One potential weakness, however, is patient and physician education. Companies developing personalized medicine tools must therefore play a more active role to address the public perception issues that intersect with pharmacogenomics technologies lest they risk hampering their market, according to industry insiders.
"None of this is going to be successful if the public is afraid to use it," Francis Collins, director of the National Human Genome Research Institute, said at Scientific American's Targeted Medicine conference, held here last week. He emphasized this point several times during the conference. After indicating that the Human Cancer Genome project could drive new sequencing technologies, and vice versa, he pointed out that the success of the project largely hinges on public affairs.
It's been widely said that the ability to sequence an individual genome cost-effectively could enable health care professionals to tailor diagnoses, treatments, and preventative steps to each person's unique genetic profile. But people who are worried about the release of their genetic information coming back to haunt them are likely to shun this emerging market.
To avoid this, Collins said, those involved in the personalized medicine research market must keep their eye on relevant legislation and regulation issues.
"In 2005, we have not yet passed effective federal legislation to prevent genetic discrimination in health insurance and the workplace, despite numerous studies indicating that this is really the only effective solution ... [and] despite numerous surveys indicating that the public is deeply concerned about this," said Collins. He pointed out that fears about genetic privacy "is a major deterrent for participation in research."
In addition, a 2003 study on hereditary colon cancer showed that 39 percent of participants identified the potential effect on their health insurance as the most important reason behind their decision not to undergo genetic testing. Many at the Targeted Medicine conference said there is a need to help the public understand these technologies.
"What does this mean from an end user approach?" said Brian Meltzer, director of strategy integration at Johnson and Johnson Development Coordination. "How are we going to use these tests? The responsibility falls on us to bring that evidence out -- the value for the future."
There is some evidence that the tide may be turning in the United States.
Last February, a bill (S. 306) that would prohibit discrimination on the basis of genetic information with respect to health insurance and employment passed in the Senate. Its companion bill, H.R. 1227, which was introduced last February by the House of Representatives, is still working its way through committee. The future of this bill, however, is uncertain. Currently, the Chamber of Commerce and the National Association of Manufacturers are actively lobbying against H.R. 1227, and Collins pointed out that a similar bill died in the 108th Congress, which ended in January.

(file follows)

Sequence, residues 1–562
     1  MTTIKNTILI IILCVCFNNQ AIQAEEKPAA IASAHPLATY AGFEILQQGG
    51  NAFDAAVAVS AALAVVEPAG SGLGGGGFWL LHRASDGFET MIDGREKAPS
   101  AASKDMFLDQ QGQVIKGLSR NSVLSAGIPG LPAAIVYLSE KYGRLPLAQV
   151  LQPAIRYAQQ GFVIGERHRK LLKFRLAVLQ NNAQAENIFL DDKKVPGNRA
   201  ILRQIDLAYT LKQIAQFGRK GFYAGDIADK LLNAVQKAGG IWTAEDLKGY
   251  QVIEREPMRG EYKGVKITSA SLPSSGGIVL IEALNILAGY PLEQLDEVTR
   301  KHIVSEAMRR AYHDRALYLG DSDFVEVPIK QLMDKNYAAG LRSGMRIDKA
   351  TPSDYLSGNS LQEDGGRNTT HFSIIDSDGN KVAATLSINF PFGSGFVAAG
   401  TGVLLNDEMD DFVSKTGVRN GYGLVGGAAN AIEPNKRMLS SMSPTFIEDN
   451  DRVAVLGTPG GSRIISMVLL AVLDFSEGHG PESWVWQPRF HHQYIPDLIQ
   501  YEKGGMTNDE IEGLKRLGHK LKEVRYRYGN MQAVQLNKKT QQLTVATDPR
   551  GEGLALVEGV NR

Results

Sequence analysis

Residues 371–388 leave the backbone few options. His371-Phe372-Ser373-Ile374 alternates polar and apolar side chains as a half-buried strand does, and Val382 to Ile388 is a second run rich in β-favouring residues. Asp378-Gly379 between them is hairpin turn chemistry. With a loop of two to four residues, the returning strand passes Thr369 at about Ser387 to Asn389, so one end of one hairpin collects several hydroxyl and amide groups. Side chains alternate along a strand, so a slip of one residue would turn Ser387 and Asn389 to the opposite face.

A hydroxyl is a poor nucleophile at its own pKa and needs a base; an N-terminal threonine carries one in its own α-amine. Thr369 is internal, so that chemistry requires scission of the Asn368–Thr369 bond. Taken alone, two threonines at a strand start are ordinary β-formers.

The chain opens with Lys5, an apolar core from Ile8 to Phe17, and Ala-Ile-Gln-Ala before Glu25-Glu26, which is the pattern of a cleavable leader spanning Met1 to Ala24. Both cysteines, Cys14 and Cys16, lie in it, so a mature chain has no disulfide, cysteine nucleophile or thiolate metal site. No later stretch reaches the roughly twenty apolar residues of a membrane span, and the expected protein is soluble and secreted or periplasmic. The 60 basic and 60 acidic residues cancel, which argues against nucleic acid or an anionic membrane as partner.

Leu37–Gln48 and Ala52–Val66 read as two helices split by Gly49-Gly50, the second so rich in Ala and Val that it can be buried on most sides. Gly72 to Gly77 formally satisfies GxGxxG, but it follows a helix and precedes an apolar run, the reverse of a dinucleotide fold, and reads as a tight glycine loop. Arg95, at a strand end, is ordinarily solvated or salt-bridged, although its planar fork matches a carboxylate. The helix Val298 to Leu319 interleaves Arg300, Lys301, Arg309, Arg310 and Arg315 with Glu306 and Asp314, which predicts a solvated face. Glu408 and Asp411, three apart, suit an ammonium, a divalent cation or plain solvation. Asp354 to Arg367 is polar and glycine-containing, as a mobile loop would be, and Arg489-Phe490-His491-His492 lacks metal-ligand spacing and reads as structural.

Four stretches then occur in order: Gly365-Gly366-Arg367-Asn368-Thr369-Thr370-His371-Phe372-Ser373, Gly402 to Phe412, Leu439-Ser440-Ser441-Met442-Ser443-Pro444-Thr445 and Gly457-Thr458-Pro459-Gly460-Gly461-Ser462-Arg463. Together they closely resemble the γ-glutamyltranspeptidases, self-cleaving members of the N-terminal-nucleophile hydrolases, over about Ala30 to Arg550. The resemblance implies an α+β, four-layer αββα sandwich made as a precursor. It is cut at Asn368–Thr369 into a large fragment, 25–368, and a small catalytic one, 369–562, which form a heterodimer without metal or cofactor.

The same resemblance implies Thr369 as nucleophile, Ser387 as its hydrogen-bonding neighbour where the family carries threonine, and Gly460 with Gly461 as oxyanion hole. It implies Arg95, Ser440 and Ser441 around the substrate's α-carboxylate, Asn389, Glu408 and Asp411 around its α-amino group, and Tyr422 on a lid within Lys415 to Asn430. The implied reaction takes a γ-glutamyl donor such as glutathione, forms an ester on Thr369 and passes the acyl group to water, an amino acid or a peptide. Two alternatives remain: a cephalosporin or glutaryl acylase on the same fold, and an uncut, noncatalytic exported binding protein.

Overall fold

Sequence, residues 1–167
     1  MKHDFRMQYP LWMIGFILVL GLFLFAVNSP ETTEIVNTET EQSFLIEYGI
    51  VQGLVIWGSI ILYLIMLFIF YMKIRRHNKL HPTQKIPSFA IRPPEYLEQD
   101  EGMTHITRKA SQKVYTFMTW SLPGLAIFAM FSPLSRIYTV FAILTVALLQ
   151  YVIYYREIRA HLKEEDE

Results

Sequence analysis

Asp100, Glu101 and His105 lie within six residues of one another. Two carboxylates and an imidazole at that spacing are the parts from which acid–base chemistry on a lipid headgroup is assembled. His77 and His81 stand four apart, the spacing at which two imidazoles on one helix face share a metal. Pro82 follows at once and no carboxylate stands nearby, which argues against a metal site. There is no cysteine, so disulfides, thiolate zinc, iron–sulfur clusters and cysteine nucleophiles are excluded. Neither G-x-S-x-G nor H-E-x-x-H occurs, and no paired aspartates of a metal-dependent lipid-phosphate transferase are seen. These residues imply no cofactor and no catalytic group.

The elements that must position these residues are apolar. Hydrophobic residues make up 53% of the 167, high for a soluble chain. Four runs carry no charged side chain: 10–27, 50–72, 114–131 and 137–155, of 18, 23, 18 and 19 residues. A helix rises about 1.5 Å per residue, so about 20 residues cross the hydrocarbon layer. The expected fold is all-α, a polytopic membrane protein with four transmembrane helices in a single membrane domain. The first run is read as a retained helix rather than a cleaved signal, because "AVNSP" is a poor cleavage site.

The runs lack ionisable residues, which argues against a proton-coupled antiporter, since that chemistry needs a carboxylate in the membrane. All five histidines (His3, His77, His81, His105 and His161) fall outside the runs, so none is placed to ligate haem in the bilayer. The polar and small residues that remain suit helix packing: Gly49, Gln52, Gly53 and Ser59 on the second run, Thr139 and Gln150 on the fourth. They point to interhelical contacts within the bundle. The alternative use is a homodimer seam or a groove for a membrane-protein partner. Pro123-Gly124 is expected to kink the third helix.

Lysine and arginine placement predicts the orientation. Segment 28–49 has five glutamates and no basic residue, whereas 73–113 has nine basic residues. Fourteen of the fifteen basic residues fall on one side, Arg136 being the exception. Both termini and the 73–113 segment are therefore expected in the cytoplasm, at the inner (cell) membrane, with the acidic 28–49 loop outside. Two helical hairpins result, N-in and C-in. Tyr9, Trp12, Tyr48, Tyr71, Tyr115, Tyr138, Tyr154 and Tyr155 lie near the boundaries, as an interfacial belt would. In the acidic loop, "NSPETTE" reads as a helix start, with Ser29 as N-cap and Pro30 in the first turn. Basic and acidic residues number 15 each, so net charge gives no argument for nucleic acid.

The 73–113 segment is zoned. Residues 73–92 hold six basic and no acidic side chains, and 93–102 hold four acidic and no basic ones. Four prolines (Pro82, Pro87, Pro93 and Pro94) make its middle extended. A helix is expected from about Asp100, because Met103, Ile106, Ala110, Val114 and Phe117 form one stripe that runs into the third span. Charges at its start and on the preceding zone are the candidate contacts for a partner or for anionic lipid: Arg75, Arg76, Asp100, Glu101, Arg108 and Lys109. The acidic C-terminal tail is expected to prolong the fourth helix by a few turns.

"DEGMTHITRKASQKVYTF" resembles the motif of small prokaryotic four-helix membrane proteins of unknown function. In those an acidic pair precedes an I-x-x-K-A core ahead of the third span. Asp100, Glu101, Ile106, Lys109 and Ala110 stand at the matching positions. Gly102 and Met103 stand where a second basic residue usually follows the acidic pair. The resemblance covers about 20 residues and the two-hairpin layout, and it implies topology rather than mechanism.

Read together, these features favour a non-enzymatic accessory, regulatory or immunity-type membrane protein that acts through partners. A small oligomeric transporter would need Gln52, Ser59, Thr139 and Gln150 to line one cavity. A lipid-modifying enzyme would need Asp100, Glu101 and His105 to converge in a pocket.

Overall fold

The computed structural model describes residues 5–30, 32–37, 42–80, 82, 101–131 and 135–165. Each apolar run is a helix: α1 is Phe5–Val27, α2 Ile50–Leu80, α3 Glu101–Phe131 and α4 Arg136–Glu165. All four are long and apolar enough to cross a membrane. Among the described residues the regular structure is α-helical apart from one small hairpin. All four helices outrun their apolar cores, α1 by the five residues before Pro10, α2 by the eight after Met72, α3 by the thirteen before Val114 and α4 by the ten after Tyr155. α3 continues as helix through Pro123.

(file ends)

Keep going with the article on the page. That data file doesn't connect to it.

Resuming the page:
"If we are worried about roadblocks and this certainly could be one, this is something we ought to try to fix," Collins said.
Fears about genetic testing are fueled by several factors, including publicized cases such as the one involving the Burlington Northern and Santa Fe Railway Company. This company allegedly performed genetic tests on its employees without their knowledge or consent, according to the US Equal Employment Opportunity Commission. The group, which sued the company in 2001 for allegedly violating the Americans with Disabilities Act, claimed that the railroad tried to use genetic tests to prove that certain employee injuries were caused by genetic conditions. The company settled for $2.2 million a year later.
According to Harriet Pearson, vice president of corporate affairs and chief privacy officer for IBM, if you look globally, few laws address genetic privacy issues. In
Thirty seven states, she said, have laws that address some aspect of genetic discrimination and privacy issues. The reach and power of these, however, is varied. For this reason, in October, IBM changed its employment policy to include a promise not to discriminate based on genetics. The policy is believed to be the first of its kind for a major corporation. "One company doesn't do much, but raising the profile of an issue," said Pearson.
Collins says IBM's move is a step in the right direction. "If all of the companies here would follow the lead of IBM, that would make a very strong statement," Collins said. "None of [the medical advances heralded by pharmacogenomics and new sequencing technologies] is going to happen unless we keep our eyes carefully on important policy issues that are still not resolved," Collins said.
Kate O'Rourke covers the next-generation genome-sequencing market for GenomeWeb News. E-mail her at [email protected].